Minify CSS and JavaScript – Minification is the process of removing unnecessary characters in your code, such as spaces and comments, to reduce the file size of your CSS and JS. However, whilst compressing CSS files usually has no negative side effects, you should be very careful when compressing JS files as they are responsible for the functionality of your site. So makes sure you test thoroughly if you decide to minify your JavaScript, however if you are not very technical, I strongly suggest not to Minify your JS files, but only combine them (see below).

Combine CSS and JS files – Say you have 10 plugins on your WordPress site, each one of them will have their own CSS and JS file which leaves the browser with 20 different files to load. Combining them will put them all into 2 files, one for CSS and the other for JS; which means your user only has to load 2 files instead of 20. Amazing right? One thing to note is any core JavaScript libraries, such as jQuery should not be combined as they are needed as soon as the page loads, or if you are going to be combining them make sure they are kept in the ‘<head></head>‘ part of the page.

So that’s all well and good, but for most setting up this plugin for the first time can be very confusing, So here’s a very useful guide on the ideal W3 Total Cache settings.

4. Lazy Load Images and Videos

So we discussed compressing images, but whats lazy loading, and why do you need it? Think about it like having a stationary car running, you’re not going anywhere but you’re still wasting fuel; thats why most modern cars now come with stop-start technology. Lazy loading is like the stop-start technology for your website, you only load the images and videos which are on the user’s viewport, and only load the remaining assets on-demand, i.e once the user scrolls.

For WordPress users there are so many plugins out there, one of them is a3 Lazy Load, and i strongly recommend this one. Here’s why:

  • This plugin is super easy to configure, after installing and activating the plugin all the default settings (fine for most) are already enabled.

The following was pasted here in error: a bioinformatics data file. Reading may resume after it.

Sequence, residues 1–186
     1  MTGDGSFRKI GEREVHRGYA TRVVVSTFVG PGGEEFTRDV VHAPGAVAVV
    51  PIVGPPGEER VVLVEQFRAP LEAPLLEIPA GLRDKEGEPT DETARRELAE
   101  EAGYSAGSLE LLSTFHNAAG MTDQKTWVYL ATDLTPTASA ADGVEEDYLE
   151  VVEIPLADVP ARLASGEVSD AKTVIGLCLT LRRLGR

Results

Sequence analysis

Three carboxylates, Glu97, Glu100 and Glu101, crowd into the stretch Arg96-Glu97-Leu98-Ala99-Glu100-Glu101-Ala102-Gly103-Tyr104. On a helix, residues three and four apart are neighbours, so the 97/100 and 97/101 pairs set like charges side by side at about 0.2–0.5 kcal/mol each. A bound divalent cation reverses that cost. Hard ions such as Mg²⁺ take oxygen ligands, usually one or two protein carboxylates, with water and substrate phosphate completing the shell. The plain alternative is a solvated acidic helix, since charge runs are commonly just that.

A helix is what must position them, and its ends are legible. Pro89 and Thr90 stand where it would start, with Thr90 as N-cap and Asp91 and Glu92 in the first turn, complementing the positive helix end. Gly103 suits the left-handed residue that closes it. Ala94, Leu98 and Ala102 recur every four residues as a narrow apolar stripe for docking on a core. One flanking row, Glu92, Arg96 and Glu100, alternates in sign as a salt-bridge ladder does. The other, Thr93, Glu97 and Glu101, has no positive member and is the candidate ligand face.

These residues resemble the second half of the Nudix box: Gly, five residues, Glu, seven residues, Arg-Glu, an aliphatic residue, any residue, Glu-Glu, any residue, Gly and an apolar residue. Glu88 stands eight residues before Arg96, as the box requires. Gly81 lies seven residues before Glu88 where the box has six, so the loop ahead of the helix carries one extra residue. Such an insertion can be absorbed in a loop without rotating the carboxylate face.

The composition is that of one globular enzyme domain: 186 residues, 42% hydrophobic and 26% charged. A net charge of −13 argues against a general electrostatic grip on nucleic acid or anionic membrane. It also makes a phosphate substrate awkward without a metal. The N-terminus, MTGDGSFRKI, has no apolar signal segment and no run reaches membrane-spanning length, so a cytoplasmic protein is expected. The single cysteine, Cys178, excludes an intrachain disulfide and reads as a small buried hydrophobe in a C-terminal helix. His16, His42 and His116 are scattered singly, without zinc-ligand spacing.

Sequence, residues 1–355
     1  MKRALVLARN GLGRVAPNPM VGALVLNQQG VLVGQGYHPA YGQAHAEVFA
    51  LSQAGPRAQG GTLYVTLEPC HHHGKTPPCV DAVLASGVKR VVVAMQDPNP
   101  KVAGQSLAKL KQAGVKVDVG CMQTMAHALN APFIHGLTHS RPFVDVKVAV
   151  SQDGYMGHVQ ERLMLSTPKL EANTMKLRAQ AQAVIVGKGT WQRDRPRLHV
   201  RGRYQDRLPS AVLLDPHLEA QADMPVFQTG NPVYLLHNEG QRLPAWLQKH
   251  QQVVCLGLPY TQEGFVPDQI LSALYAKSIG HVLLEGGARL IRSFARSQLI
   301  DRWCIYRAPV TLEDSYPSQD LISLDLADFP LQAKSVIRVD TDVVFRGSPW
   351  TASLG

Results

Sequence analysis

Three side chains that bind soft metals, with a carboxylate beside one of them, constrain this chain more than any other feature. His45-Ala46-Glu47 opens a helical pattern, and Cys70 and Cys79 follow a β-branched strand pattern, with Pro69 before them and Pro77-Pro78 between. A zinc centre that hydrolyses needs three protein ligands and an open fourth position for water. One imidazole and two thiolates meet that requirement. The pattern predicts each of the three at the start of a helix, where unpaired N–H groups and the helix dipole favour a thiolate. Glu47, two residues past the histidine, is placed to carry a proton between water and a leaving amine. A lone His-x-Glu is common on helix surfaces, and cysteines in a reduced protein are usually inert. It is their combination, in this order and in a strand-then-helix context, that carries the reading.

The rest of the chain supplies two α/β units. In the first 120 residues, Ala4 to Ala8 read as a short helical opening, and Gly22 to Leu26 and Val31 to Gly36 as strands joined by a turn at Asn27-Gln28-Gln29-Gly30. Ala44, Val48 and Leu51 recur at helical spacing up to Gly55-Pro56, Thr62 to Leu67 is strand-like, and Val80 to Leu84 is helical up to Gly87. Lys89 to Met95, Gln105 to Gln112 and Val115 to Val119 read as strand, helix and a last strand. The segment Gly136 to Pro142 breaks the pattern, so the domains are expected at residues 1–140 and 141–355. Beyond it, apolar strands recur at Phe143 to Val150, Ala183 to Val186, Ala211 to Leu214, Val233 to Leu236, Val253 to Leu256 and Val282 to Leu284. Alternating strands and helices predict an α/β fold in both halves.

• Lazy loads images, videos including youtube embeds and iFrames.
  • The plugin is very lightweight and won’t effect your site performance.

5. Use a CDN (Content Delivery Network)

CDN Diagram
The diagram on the right demonstrates the use of a CDN

A CDN is a network of servers that’s distributed world wide, these will store and cache your website resources so when users visit your website they will load your website files from the server which is the closest to them. This can drastically improve your page performance.

So is a CDN necessary?

The simple answer is No it’s not, however if your website gets a lot of traffic which comes from different regions around the world, I would say it’s highly recommend. If your website traffic is not very significant you might be better off without a CDN, as in some cases the processes involved in delivering your content can actually decrease your page load times.

The best way to know if you need a CDN, is to test your website using the tools like Pingdom and Webpagetest (make sure you try from your target regions), if you’re already getting fast loading times then it’s best to avoid a CDN.

If you are planning to use a CDN, there are many out there and prices will vary, So you need to do your research! For smaller websites you can get away with using a free CDN like Cloudflare, also, if you are going to be using W3 Total Cache (discussed above in point 3), there is an extension which will connect with Cloudflare.

We’ve reached the end…

Well done for getting this far! all that’s left for you to do now is to test your website speed again and witness the improvement, Magic right?

I hope this guide has been useful for your website, let us know in the comments below what worked for you and if you have any tips yourself, We would love to hear them too! Also, if these Tips have worked for you, don’t forget to share, so we can all work together towards faster internet browsing.